Naeyc Code of Ethics Essay
Naeyc Code of Ethics
The Code of Ethics define the core values of the field and provides guidance for what professionals should do when they encounter conflicting obligations or responsibilities in their work. In this essay I will be comparing four different codes of ethics and also reflecting their differences. The four codes involved are the NAEYC Code of Ethical Conduct, the Nursing Code of ethics, the National Education Association-Code of Ethics in Education Profession, and the Psychology Code of Ethics. I will talk about each code separately, as they are the same, and as they are different.
I will start with the NAEYC Code of Ethical Conduct. This code offers guidelines for responsible behavior and sets forth a common basis for resolving the principle ethical dilemmas encountered in early childhood care and education. This code includes core values, ideals, and principles. It is broken down into four main sections. The first section refers to ethical responsibilities to children. It explains how we as early childhood educators are dedicated to support children’s development, growth, and learning. We have to be very committed to the fact that childhood is a very unique and valuable stage in the human life cycle.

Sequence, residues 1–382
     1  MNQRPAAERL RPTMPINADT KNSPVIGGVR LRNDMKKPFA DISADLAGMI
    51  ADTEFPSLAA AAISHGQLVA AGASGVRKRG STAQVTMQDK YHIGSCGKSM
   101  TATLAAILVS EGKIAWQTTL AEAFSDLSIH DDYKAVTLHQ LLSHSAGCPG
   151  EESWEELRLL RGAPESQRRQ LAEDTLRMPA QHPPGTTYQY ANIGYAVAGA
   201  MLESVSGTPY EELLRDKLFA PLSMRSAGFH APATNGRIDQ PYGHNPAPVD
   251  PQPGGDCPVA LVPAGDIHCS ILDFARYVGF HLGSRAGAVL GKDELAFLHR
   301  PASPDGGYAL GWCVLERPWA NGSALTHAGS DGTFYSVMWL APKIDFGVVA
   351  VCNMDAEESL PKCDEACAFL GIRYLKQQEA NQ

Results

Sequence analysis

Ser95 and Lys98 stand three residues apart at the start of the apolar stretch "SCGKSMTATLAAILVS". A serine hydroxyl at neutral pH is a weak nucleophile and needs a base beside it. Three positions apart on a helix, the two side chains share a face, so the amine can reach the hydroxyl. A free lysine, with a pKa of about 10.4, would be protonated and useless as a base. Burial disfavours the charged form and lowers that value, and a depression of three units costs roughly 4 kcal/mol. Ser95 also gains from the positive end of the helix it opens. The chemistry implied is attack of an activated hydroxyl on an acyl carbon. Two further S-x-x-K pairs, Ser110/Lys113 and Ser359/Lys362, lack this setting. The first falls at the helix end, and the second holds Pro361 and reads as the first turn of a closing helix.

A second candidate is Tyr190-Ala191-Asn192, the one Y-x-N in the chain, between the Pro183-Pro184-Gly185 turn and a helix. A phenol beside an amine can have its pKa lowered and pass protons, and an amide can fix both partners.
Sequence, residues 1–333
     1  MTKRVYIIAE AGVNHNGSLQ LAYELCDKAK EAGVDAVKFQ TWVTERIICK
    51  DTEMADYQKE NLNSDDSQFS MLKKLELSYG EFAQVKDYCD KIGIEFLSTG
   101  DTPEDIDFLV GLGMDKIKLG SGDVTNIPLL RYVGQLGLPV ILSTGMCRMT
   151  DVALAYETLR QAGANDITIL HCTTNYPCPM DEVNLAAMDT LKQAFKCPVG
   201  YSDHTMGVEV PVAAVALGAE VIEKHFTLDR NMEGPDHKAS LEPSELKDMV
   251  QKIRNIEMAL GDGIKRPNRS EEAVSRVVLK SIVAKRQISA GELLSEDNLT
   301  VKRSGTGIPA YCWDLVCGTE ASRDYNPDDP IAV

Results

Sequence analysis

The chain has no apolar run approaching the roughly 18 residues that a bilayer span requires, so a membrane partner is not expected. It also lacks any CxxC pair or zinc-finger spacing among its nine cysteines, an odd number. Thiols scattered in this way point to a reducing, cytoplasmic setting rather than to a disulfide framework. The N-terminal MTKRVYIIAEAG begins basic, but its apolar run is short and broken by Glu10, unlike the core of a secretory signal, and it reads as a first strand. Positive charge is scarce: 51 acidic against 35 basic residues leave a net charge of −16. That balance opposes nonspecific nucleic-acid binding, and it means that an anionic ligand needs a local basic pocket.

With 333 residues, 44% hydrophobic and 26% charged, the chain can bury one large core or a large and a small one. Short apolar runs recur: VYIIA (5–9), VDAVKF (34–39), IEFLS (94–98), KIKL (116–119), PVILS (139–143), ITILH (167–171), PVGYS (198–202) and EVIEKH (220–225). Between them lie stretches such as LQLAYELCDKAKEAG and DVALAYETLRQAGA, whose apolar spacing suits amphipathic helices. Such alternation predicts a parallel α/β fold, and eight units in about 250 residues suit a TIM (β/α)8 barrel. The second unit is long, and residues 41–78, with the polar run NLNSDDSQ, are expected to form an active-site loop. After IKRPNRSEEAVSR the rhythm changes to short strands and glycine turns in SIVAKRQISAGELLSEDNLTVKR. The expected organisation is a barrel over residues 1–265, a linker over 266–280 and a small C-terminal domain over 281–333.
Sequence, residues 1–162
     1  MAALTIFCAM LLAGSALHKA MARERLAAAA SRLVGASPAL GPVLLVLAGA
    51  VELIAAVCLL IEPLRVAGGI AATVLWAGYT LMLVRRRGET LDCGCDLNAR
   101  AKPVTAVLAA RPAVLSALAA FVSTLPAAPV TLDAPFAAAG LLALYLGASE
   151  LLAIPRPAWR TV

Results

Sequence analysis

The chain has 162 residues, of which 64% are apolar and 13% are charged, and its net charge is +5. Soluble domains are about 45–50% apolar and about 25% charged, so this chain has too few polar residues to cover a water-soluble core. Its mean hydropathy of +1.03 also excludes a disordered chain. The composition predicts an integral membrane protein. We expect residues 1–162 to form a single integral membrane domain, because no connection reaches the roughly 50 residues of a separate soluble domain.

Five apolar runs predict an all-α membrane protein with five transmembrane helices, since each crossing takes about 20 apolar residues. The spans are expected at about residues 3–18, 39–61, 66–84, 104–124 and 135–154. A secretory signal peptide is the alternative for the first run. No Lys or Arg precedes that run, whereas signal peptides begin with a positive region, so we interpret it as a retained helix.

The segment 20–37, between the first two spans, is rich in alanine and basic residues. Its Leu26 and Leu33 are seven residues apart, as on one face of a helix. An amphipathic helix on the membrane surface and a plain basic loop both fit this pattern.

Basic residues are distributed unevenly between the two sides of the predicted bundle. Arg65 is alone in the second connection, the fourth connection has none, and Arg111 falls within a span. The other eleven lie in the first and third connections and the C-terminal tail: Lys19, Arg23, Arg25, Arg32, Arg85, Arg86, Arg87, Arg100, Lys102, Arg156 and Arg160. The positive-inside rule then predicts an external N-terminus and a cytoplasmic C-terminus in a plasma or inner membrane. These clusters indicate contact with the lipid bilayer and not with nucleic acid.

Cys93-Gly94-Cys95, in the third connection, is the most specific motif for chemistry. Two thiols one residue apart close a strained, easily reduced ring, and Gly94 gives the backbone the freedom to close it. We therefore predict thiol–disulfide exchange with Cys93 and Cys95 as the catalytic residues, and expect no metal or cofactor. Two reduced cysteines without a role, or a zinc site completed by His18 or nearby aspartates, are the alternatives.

The second section talks about ethical responsibilities to families. Because families are of primary importance in children’s development and the early childhood practitioner has a common interest in the child’s well-being, we develop relationships of mutual trust with the families we serve. The NAEYC code then goes on to section three, it talks about ethical responsibilities to colleagues. The code refers to colleagues as co-workers, employers, and employees. It states that a caring, cooperative workplace sustains positive relationships.
Human dignity should be respected and professional satisfactory shall be promoted. Lastly but not least, section four that talks about our ethical responsibilities to our community. It says that our responsibilities to the community are to provide programs that meet the diverse needs of families, cooperate with agencies and professionals that share the responsibility for children, to assist families in gaining access to professionals, and to assist in the development of community programs that are needed. Next on the list, the Nursing Code of Ethics.
Subject: Early childhood education,
University/College: University of Chicago
Type of paper: Thesis/Dissertation Chapter
Date: 26 November 2016
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